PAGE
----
50-pound MoonPie served to revelers on Dec. 30, 2008, in downtown Mobile

Happy New Year!!!

Merry Christmas and Peace on Earth!

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Merry Christmas!!

November 27, 2014 – Happy Thanksgiving (Wait: Is That THANKSgiving or ThanksGIVING?)

You may be wondering what Jim and I argue about besides issues like the efficacy of torture or the relevance of cost-benefit analysis for economic behavior. The answer is: whose regional pronunciation is superior? When someone dies do you “bury” them or “berry” them? Is it “sawsage” or “sahhsage” on the pizza? Is it CORNED beef or corned BEEF, BREAD pudding or bread PUDDING?

Joshua Katz, a doctoral student studying statistics at NC State University, recently created interactive dialect maps using data from Bert Vaux at the University of Cambridge. How you pronounce “Thanksgiving” also depends on where you live… (Click here and select question 47 for a larger view.)

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Happy ThanksGIVING!!

October is National Pizza Month (Or Not)

If you google “National Pizza Month” you will find a gazillion hits alleging that Congress designated this holiday in 1987. However, if you check through the bills passed by Congress that year, you will not find such a declaration. [You will, however, find all kinds of other designations, such as for a National Dairy Goat Awareness Week and a National Tap Dance Day and even a National Day of Excellence (wait: just one DAY?)].

But no matter: Congress should have done it, so we’ll celebrate anyway! Because approximately three BILLION pizzas are sold in the U.S. every year, two billion of them going to MY house.

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On average, every person in the U.S. consumes around 23 pounds of pizza each year. (Again, that average is skewed by the number of pounds eaten by my husband and me, and for that matter, by the number of pounds acquired by my husband and me after consuming all that pizza.)

The top 5 pizza sales days are Super Bowl Sunday, New Year’s Eve, Halloween, the night before Thanksgiving, & New Year’s Day. In our house, the top pizza consumption days are Saturday and Sunday (“treat days”) and then other days for leftovers.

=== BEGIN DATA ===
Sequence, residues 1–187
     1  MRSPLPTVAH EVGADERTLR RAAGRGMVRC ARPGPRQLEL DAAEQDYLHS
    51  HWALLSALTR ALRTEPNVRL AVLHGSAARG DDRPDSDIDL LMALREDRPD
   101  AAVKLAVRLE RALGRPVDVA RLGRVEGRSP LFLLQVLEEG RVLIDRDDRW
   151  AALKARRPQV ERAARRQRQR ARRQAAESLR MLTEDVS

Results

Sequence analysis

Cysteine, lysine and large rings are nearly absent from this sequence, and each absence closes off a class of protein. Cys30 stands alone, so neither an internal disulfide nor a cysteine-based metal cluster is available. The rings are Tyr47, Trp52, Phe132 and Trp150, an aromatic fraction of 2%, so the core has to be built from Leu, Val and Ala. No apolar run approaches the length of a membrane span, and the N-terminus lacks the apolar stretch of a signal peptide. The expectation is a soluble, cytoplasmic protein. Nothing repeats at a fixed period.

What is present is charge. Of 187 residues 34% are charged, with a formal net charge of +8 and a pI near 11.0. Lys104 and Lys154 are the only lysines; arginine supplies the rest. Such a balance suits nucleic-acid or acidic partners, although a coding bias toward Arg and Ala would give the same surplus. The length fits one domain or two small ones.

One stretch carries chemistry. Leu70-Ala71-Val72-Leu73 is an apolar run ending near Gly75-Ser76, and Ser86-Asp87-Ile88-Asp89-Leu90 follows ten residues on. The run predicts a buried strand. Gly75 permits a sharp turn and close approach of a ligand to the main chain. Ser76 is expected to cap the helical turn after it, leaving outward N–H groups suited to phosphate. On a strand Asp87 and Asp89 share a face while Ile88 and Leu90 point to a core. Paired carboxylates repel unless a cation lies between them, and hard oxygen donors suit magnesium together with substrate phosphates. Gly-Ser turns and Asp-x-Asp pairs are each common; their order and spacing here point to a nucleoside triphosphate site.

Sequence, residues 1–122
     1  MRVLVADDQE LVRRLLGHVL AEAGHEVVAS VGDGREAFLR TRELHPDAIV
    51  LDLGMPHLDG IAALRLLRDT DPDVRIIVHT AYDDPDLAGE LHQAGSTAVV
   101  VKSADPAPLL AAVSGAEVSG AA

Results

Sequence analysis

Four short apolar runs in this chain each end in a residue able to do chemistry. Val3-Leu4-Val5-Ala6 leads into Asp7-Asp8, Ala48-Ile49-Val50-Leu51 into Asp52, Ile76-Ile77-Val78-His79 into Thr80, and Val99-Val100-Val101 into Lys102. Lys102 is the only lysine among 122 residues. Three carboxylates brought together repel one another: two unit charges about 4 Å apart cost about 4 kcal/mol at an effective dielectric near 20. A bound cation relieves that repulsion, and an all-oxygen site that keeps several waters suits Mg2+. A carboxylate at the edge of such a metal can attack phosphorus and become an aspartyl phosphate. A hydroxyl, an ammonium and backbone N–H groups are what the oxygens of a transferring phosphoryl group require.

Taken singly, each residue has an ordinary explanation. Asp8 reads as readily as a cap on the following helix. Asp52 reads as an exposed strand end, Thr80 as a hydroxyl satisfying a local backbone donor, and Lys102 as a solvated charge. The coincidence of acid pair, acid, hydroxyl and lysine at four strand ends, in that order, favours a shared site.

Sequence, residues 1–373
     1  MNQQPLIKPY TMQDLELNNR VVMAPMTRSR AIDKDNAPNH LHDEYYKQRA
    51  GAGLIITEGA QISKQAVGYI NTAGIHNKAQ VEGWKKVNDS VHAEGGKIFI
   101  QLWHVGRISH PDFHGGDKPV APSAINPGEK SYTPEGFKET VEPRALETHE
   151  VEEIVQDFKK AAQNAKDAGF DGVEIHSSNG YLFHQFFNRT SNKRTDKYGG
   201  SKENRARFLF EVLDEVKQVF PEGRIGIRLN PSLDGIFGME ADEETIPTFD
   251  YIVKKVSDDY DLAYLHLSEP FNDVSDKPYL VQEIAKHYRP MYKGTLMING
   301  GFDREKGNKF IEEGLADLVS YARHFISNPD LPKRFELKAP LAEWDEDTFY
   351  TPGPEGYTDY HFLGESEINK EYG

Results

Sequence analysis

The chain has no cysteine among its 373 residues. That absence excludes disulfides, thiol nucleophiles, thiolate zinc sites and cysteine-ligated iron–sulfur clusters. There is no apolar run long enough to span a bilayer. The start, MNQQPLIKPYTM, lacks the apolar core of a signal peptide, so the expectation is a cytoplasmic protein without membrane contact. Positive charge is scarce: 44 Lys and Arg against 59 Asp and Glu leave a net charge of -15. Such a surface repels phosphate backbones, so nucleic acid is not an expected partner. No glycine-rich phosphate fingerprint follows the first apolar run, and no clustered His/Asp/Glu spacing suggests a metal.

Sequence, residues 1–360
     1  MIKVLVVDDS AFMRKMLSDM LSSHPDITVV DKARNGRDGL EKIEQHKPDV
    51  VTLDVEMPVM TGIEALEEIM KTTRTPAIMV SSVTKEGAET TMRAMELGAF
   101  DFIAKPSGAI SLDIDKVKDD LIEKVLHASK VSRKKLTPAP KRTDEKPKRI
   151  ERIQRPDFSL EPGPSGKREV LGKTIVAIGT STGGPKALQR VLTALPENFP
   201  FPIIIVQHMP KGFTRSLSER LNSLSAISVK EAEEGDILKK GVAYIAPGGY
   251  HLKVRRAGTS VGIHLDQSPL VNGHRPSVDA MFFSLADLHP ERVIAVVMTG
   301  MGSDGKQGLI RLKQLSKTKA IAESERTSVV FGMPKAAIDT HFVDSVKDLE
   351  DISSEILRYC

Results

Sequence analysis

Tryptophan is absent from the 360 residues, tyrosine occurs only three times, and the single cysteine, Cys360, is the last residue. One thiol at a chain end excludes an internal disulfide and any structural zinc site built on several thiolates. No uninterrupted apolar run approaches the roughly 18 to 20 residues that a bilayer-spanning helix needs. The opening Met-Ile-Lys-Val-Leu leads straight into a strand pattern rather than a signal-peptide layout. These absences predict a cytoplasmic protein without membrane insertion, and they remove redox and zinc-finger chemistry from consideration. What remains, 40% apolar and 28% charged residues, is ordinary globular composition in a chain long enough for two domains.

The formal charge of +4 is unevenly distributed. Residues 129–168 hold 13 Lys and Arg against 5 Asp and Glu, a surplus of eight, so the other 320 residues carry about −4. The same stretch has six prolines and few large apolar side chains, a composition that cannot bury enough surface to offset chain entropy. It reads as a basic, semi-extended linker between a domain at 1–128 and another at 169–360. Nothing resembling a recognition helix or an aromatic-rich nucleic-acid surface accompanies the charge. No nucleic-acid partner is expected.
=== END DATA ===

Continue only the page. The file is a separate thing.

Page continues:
In spite of the fact that this pizza consumption kills off some 252 million pounds of pepperonis a year, we don’t do pepperoni. Neither do we go for the pizza toppings popular in Japan, which include squid and Mayo Jaga (mayonaise, potato and bacon).

According to the Guinness World Records site, the most expensive pizza commercially available is a thin-crust, wood fire-baked pizza topped with onion puree, white truffle paste, fontina cheese, baby mozzarella, pancetta, cep mushrooms, freshly picked wild mizuna lettuce and garnished with fresh shavings of a rare Italian white truffle. Depending upon the amount of truffles available each season, the pizza is regularly sold at £100 each to customers of Gordon Ramsey’s Maze restaurant, London, UK.

We don’t do that kind of pizza either. We like lots of cheese. I like mushrooms and onions. Jim occasionally insists on an add-on of sausage because he, after all, was born in Chicago. But I insist on strict lines of demarcation between his half and mine. Here is a recipe I have used for a wonderful pizza. It is adapted from one of my favorite cookbooks: The Vegetarian Epicure: Book Two by Anna Thomas:

Basic Short-Crust Pastry

1 ½ cups flour
½ to ¾ tsp. salt
½ cup butter, well chilled
scant 1/3 cup ice water

Sift together the flour and the salt. Slice the cold butter rapidly and drop the slices into the flour. With a pastry cutter or two sharp knives, cut in the butter until the mixture resembles coarse corn meal.

Sprinkle the ice water over the flour-butter mixture and stir it in very quickly with a fork, until the dough gathers together. Form the dough into a ball, wrap it in wax paper or foil, and chill it for about 2 hours.

Makes enough dough for 1 large (11 or 12 inch) quiche shell.

Preparing the shell

On a lightly floured surface, roll the chilled dough out in a circle about 2 ½ inches larer than your quiche pan. Roll the circle of dough loosely around your rolling in and unroll it over the quiche pan, centering it as well as possible. Press the sides in against the rim of the pan, pushing the extra dough down a bit to make an edge that is slightly thicker than the bottom. Trim the dough off with a sharp knife, about ¼ inch above the rim of the pan.